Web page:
The story of Saul’s conversion, and
his call by Jesus to be the special
apostle to the Gentiles, had barely
been told before there were yet
additional situations in which the
Holy Spirit was being manifest
through the apostles. It was an
amazing reality that these fledgling
church leaders were living in as
each day seemed to hold new evidences of the
Spirit’s work to confirm the ministry of these faithful
As we have already discovered in the earlier chapters
of Acts, even during this special time there were
still conflicts, disagreements and misunderstandings.
Unfortunately, when some folks felt that they
weren’t getting enough from the food distribution
they complained and steps were taken to be sure
everyone was cared for. Sometimes their disagreements
grew to a level of relatively serious conflict.
Until now, the believers were generally all of Jewish
descent, both as to nationality and religious beliefs.
However, these early followers of Jesus were called
to not only carry the gospel to Jerusalem, they were
also called to share this good news with the people
in Judea, Samaria, even to the ends of the earth. So
moving outside of Jerusalem and into other areas
revealed some significant differences in religious
understanding and social practices from what was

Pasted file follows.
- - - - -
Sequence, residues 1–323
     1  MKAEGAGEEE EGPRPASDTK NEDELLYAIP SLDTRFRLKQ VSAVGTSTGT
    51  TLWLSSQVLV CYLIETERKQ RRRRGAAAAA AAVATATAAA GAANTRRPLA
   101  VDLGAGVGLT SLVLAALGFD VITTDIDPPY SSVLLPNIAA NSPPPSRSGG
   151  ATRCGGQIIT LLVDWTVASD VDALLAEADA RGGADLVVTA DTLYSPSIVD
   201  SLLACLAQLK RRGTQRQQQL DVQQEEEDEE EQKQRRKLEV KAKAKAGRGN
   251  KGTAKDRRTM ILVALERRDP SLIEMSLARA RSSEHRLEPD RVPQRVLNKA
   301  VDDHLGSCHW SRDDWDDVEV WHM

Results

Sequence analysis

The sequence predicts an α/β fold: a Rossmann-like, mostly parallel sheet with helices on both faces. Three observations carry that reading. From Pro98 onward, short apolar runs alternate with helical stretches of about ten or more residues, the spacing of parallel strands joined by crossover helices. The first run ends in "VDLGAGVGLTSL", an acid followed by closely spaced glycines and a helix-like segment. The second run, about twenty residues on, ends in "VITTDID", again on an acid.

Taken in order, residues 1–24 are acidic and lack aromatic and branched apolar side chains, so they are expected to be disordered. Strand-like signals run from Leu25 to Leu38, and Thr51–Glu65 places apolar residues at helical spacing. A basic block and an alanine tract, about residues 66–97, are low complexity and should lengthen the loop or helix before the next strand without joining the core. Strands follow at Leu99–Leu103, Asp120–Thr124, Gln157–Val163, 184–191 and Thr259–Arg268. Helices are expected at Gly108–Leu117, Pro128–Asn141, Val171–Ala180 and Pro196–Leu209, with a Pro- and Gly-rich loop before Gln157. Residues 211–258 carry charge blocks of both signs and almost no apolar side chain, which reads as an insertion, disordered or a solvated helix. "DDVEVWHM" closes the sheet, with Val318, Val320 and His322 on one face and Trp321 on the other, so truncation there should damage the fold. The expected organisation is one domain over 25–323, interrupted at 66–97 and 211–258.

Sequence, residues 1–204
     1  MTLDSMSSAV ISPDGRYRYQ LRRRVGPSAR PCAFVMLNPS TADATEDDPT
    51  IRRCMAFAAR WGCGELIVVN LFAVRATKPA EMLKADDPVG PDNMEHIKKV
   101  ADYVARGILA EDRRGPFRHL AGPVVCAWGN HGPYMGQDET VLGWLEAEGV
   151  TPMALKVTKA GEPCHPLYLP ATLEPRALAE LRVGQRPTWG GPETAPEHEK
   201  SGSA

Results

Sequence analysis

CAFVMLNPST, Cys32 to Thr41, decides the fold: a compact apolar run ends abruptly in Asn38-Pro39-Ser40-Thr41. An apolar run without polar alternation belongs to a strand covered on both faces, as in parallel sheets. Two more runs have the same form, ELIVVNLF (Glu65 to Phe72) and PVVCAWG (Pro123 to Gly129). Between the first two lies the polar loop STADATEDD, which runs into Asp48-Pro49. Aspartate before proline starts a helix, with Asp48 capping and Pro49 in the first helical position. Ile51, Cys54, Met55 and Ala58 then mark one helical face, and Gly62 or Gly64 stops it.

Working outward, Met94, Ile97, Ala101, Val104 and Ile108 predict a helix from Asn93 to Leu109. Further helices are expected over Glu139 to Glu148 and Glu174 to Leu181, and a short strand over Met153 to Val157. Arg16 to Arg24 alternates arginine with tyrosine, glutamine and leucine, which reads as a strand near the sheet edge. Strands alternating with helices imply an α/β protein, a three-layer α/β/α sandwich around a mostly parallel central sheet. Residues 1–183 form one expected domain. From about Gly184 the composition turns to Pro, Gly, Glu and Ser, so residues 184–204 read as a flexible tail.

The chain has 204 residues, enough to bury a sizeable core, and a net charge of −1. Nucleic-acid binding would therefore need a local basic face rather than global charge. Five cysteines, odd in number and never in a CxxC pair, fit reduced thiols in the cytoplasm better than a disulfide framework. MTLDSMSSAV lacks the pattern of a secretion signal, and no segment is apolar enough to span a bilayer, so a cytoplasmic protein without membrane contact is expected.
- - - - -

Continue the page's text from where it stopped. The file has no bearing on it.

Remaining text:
‘normal’ in Jerusalem.
In our sermon study this week we find Peter coming
into a very significant opportunity to move beyond
the confines of Jerusalem with the story of Jesus.
Many of us have heard about his very unusual call to
make a missionary visit. The manner in which this
invitation was delivered was even a bit strange, however
this only served to confirm in Peter’s mind that
God was engineering this mission opportunity.
Just as the angel told Ananias the exact location of
the house where Saul was waiting for healing,
another man who was a Roman centurion was told
where to find Peter. God had been communicating
with this man named Cornelius and his heart was
open for more of the gospel message. And just as it
was in the story of Saul, not only did this centurion
have a vision but so did Peter. Each vision was
relevant in light of the other one, and through a
divine appointment this seeker met the apostle.
But, in the midst of wonderful evidence of the
advancing gospel, now just because a Gentile
accepted Jesus there were those back in Jerusalem
who were just not quite sure that he qualified to a
member of ‘their church’. This challenge would
require a ‘God-sized’ solution.